NEW YORK (TheStreet) -- With the stock market swinging wildly, plenty of shareholders are dumping stock funds and shifting to Treasuries.

But not all investors are gloomy. After the rough stock market of last summer, shares of many companies slipped to bargain levels, says Christopher Welch, portfolio manager of

Diamond Hill Small-Mid Cap

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. "This is a time when you can find lots of very high-quality companies that are undervalued," he says.

Welch, a die-hard value investor, is hardly alone. Other veteran value fund managers say that they are buying at a time when good stocks are being dumped for little or no reason.

Among the eager shoppers are Stan Majcher, portfolio manager of

Hotchkis and Wiley Mid-Cap Value

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, and John Buckingham, portfolio manager of

Al Frank Fund

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.

Welch of Diamond Hill looks for unloved companies that can grow and increase their value. When the stock market looks rich, he lets cash build in the portfolio. These days he has only 3% of assets in cash. That is down from more than 20% in cash during 2007, a year when stocks were rallying and valuations looked stretched.

After buying a stock, Diamond Hill often waits years for the shares to appreciate. The patient approach has excelled in downturns. In the collapse of 2008, Diamond Hill outdid the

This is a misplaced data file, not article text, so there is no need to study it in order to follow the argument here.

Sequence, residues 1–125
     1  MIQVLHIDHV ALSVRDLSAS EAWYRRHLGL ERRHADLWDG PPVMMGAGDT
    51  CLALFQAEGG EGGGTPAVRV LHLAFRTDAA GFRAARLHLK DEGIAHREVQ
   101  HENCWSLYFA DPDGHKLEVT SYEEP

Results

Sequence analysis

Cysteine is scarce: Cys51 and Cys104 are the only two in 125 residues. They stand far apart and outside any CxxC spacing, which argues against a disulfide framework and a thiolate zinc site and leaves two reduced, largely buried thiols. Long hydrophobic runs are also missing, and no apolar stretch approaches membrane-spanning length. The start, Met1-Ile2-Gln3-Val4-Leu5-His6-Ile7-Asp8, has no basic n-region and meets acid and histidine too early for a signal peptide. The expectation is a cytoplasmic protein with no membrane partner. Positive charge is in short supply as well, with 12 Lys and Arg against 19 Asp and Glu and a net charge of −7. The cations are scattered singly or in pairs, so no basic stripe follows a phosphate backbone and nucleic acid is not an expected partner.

S&P 500

index by 7 percentage points, according to Morningstar. During the past five years, Diamond Hill has returned 2.6% annually, outdoing 92% of mid-cap value competitors.

Welch likes

Juniper Networks

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, a producer of routers and networking equipment. Juniper's earnings have disappointed investors lately, but sales should grow steadily, says Welch. "The company has a strong balance sheet and competitive technology," he says.

Welch also likes

Quest Diagnostics

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, which provides clinical testing. Because of its large network, the company can conduct blood and pregnancy tests at low costs. Welch says that sales can grow at mid single-digit rates and that the company may be able to raise prices.

Another optimistic manager is John Buckingham of Al Frank Fund. Buckingham says that the list of positive economic indicators is steadily growing. Productivity gains and auto sales have been stronger than expected. Interest rates are low, and corporate balance sheets are strong. But investors remain wary. The fear has pushed the forward price-to-earnings ratio of the S&P 500 down to 11, one of the lowest figures in the last two decades, he says.

After some poor recent performance, value stocks are poised for a comeback, Buckingham argues. As a contrary indicator, he points to the recent resignation of Bill Miller as manager of

TheStreet Recommends

Legg Mason Capital Management Value

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.